- Gentlemen, start your drones: Judge’s ruling opens door for commercial use
- Soldier who hid, bragged about not saluting flag to be punished — in secret
- ‘Maverick’ of the seas: ‘Top Gun’ school for U.S. ship officers to launch
- Putin declares Sochi Paralympics open amid Ukrainian protest
- ‘In Jesus name, we pray’ sparks ire at Ohio council meeting
- Navy’s first laser weapon ready for prime time; drone killer to deploy this summer
- Billionaire backer: Rick Santorum ‘needs to be heard’ in 2016
- Obamacare fallout: 49 percent pessimistic; 45 percent ‘scared’
- DHS accused of holding U.S. citizen at airport, using emails to pry into her sex life
- Seattle socialist: Minimum-wage discussion skewed by ‘right-wing’ GAO analysis
Best Buy CEO resigns amid internal investigation
Best Buy released a statement late Tuesday saying that it is conducting the probe after earlier only saying the departure was a “mutual decision.” The chain would not give any specifics on the circumstances surrounding the investigation of Dunn, a 28-year Best Buy veteran who had been CEO since 2009.
“Certain issues were brought to the board’s attention regarding Dunn’s personal conduct, unrelated to the company’s operations or financial controls, and an audit committee investigation was initiated,” according to a company statement issued late Tuesday. “Prior to the completion of the investigation, Mr. Dunn chose to resign.”
Dunn, who started his career at Best Buy as a sales clerk in the 1980s, could not be reached for comment about the investigation. But earlier on Tuesday, the 50-year-old said in a statement that he was leaving Best Buy poised “for a strong future.”
Best Buy Co. hasn’t disclosed the terms of Dunn’s severance package. But Dunn’s annual compensation for fiscal 2010, the latest figures available, was worth about $5 million _ half of what it was in the prior fiscal year.
The resignation adds to Best Buy’s mounting problems. Up until a few years ago, the nation’s largest consumer electronics retailer was the place Americans went to grab TVs and cameras. But the chain has suffered in the economic downturn and has been widely criticized for not being quick to respond to growing competition and the changing shopping habits of Americans.
While industry watchers had been calling for changes at Best Buy, news of the investigation didn’t sit well with Wall Street. On the news of the probe, Best Buy’s shares fell almost 6 percent, or $1.33, to close at $21.32, after initially climbing higher on news of Dunn’s departure. Best Buy’s shares have lost more than half of their value since April 2006, when they were trading at $56.66 per share.
Best Buy said Tuesday that board member Mike Mikan, 39, will serve as interim CEO while the company searches for Dunn’s permanent replacement. A new CEO will face a big challenge trying to usher Best Buy into a new era.
Sales of TVs, digital cameras and video game consoles _ once the bread-and-butter of Best Buy _ have weakened, while sales of lower margin items like tablet computers, smartphones and e-readers have increased. Adding to that, people increasingly use the stores of big-box retailers like Best Buy as showrooms to browse for products and then go online to Amazon.com and other sites to buy items at lower prices.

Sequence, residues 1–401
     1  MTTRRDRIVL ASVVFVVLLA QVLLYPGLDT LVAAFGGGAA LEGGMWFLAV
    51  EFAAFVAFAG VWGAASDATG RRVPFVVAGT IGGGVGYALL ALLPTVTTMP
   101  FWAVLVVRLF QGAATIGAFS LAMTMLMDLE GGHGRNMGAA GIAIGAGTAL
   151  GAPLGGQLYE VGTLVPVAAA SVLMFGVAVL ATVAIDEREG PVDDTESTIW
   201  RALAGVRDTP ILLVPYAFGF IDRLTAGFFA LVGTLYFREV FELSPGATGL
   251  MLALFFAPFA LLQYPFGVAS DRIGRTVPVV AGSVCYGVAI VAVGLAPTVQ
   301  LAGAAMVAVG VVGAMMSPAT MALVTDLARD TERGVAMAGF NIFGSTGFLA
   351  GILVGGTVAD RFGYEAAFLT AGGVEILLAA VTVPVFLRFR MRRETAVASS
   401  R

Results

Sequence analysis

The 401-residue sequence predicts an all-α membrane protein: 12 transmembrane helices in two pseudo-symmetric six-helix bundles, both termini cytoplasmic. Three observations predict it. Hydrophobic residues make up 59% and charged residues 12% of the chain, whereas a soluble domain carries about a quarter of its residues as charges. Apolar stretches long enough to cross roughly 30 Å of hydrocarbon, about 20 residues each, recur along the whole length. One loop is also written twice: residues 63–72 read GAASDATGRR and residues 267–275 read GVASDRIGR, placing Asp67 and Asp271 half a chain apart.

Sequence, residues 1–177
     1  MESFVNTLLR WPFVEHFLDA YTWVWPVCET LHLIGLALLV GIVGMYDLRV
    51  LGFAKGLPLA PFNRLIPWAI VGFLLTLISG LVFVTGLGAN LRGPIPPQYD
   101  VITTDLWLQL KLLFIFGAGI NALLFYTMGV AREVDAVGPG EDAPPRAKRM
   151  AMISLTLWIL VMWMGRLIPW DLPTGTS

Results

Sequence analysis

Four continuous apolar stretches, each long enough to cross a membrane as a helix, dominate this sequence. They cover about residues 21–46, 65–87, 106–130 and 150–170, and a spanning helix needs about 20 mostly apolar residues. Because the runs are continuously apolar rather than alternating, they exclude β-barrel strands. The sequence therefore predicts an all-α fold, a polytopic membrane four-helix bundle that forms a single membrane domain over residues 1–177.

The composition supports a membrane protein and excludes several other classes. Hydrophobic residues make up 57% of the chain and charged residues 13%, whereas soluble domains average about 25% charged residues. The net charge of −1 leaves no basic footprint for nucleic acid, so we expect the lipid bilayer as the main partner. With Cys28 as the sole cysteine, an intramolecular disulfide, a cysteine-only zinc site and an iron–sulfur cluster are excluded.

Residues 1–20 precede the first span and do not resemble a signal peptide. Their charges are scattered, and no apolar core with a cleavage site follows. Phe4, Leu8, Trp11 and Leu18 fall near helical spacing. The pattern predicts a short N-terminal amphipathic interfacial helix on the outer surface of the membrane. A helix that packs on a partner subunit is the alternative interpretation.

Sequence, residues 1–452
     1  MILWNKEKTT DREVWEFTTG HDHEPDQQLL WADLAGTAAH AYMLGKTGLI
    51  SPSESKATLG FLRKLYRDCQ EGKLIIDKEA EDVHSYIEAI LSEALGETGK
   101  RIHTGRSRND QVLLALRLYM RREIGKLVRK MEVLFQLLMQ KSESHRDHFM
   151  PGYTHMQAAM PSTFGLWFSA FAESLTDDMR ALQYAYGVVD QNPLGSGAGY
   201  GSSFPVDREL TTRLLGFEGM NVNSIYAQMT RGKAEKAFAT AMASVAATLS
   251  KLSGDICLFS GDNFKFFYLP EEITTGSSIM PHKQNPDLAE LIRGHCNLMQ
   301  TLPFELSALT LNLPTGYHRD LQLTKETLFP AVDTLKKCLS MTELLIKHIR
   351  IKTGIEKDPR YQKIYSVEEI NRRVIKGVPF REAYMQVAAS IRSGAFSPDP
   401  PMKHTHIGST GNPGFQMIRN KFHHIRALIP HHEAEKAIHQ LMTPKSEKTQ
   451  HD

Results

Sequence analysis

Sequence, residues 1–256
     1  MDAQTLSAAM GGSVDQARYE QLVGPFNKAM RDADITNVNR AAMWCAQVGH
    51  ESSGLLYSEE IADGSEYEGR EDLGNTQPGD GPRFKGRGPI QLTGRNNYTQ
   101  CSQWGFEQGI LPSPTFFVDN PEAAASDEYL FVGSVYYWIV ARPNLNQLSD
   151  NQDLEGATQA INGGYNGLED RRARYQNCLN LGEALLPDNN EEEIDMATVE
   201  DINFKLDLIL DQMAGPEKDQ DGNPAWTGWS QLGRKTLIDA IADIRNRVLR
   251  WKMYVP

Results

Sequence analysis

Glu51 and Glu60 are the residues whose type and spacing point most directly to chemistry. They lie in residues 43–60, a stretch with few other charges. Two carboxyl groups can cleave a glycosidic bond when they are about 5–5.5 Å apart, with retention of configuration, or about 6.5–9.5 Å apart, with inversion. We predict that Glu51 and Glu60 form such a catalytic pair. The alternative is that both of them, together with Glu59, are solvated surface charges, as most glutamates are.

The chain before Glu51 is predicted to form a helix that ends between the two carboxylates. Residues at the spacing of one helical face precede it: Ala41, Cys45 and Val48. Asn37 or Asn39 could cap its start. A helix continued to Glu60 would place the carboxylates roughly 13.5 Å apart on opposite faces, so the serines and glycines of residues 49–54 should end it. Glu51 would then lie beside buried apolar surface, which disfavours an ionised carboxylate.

Best Buy, based in Minneapolis, was expected to benefit from the liquidation of the company’s main competitor Circuit City, which was overcome by growing competition in 2009. But instead, the company has continued to struggle even in the absence of its rival.
Best Buy’s revenue at stores opened at least a year _ a key measure because it excludes results from stores that open and close within the year _ has declined in three of the past four years. In the most recent fiscal year ended March 3, the figure fell 1.7 percent. That’s on top of a 1.8 percent decline in the prior fiscal year.
The chain also lost $1.23 billion, or $3.36 per share, in the most recent fiscal year. That compares with a profit of $1.28 billion, or $3.08 per share, in the prior year
“Best Buy’s operational strategy has been way off the mark and late to address the fundamental industry upheaval,” Sozzi, the analyst at NBG Productions, said. “Big-box stores can’t be fixed. They have to be re-invented.”
Best Buy, which has 1,400 U.S. stores, has been trying to revamp its business. In the past few years, the company has cut its square footage by 15 percent in about 43 stores. It did that by either subletting the space to other merchants or giving it back to the landlords.
TWT Video Picks
Taxpayers must pay the freight for over-budget train projects
- Kim Jong-un calls for execution of 33 Christians
- Rand Paul wins 2014 CPAC straw poll, Ted Cruz finishes a distant second
- U.S. deploys 12 F-16 fighter jets to Poland as exercise in response to Ukraine situation
- High schooler suing parents for money shot down by judge
- Senate Democrats, Republicans spar over restoring unemployment benefits
- Six Senate seats could hinge on Keystone pipeline
- Russias Putin nominated for Nobel Peace Prize
- Italy outraged over U.S. gun dealer's 'David' ad
- CURL: The modern GOP really is Reagan's 'Big Tent' party
- U.S. pilot scares off Iranians with 'Top Gun'-worthy stunt: 'You really ought to go home'
Pope Francis meets his 'mini-me'
Celebrity deaths in 2014
Winter storm hits states — again